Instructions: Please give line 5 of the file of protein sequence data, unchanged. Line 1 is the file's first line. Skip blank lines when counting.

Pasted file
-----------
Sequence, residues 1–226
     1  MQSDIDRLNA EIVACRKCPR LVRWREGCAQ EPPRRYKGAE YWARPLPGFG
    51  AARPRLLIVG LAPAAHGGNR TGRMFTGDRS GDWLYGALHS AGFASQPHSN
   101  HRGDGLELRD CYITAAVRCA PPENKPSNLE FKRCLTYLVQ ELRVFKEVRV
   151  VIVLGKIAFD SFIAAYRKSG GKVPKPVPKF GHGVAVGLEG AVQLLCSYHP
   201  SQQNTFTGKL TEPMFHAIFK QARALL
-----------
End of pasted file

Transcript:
   151  VIVLGKIAFD SFIAAYRKSG GKVPKPVPKF GHGVAVGLEG AVQLLCSYHP